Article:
Water’s dissolved oxygen level is decreased by the presence of organic and inorganic pollutants. Water that has a DO concentration less than 8.0 mg/L may be polluted. Water with a DO level of less than 4.0 mg/L is regarded as highly contaminated. The DO level of water is crucial for aquatic creatures to survive. The amount of DO in water is affected by a number of variables, including surface turbulence, photosynthetic activity, O2 consumption by organisms, and the breakdown of organic materials. Higher waste production speeds up decomposition and oxygen consumption, which lowers water’s DO level.
Biological Oxygen Demand (BOD)
Measured by biochemical oxygen demand, the volume of organic waste that contaminates water (BOD). BOD is the amount of dissolved oxygen that bacteria in water need to break down organic wastes. In milligrams of oxygen per liter of water, it is measured. Low DO level in the water is indicated by a higher BOD value. BOD is not an accurate way to measure water contamination because it can only be used with biodegradable compounds.
Chemical Oxygen Demand (COD)
A marginally more accurate method for determining the pollution load in water is chemical oxygen demand (COD). According to COD, the amount of oxygen needed to oxidize organic (both biodegradable and non-biodegradable) and oxidizable inorganic molecules in a water sample is measured in parts per million.
Discharge of wastewater from industries such as oil and gas, paper production, metal extraction and processing, chemical manufacturing, etc in particular heavy metals (classified as elements with density > 5 g/cm3 such as mercury, cadmium, copper, lead, arsenic) and a variety of organic compounds, which commonly contain dangerous chemicals.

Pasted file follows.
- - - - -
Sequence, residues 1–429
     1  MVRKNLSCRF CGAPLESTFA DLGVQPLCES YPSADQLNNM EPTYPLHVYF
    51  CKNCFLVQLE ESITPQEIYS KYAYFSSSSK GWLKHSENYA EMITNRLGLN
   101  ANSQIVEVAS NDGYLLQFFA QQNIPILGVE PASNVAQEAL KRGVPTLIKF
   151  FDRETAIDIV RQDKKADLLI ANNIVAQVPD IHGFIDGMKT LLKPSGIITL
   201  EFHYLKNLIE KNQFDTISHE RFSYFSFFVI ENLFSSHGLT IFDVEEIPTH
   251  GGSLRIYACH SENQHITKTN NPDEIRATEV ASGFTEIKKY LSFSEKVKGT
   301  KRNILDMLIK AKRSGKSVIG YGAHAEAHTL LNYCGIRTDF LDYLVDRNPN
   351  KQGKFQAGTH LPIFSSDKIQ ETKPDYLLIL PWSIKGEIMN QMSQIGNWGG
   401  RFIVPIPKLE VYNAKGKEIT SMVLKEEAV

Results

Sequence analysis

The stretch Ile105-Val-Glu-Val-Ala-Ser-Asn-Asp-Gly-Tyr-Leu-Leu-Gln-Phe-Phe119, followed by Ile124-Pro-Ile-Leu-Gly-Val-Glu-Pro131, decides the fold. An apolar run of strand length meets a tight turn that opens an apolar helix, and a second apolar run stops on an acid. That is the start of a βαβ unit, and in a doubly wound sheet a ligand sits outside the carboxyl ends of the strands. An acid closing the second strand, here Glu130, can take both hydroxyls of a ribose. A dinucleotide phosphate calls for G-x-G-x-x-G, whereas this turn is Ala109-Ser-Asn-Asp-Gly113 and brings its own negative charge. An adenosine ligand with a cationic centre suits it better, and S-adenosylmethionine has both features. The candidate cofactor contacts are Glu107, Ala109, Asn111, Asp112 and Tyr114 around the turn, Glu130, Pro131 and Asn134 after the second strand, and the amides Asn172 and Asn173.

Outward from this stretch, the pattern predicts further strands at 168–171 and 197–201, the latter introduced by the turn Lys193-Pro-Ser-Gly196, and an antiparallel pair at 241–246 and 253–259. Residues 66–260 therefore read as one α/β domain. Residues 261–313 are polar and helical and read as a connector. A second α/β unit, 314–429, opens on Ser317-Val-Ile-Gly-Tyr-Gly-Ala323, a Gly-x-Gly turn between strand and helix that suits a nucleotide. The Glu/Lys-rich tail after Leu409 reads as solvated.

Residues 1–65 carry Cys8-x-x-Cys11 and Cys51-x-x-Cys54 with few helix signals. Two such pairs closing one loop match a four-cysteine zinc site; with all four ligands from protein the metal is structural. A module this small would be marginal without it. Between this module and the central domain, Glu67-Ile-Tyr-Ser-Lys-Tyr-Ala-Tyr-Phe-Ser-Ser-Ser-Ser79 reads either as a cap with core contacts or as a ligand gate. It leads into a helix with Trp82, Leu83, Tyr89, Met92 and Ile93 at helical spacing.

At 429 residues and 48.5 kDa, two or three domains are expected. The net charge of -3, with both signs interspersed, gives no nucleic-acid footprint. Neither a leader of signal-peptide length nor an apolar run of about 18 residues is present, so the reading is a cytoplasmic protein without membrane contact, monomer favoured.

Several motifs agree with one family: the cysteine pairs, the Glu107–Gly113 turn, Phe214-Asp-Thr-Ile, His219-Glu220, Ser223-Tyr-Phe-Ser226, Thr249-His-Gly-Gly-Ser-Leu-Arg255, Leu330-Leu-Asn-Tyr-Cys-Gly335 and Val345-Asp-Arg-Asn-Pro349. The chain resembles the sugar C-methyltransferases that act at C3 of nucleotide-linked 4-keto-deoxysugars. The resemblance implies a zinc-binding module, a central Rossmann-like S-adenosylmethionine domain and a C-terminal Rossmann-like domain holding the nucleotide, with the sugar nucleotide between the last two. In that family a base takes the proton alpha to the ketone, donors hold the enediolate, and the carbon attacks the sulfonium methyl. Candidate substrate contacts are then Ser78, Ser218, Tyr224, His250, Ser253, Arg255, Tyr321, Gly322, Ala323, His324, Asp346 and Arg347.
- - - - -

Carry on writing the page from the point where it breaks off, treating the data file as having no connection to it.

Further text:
All pollutants, whether natural and man-made, are ultimately absorbed by the oceans. Additionally, the rubbish and sewage from coastal cities are dumped into the ocean. The navigational discharge of oil and grease; detergents, sewage, rubbish, and radioactive wastes; offshore oil mining; and oil spills are some of the additional sources of ocean pollution.
Leakage during marine transport and leakage from underground storage tanks are the two most frequent causes of oil spills. Additionally, during offshore oil production, an oil spill could happen.
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Water Pollution Effect
Reduces the Level of Dissolved Oxygen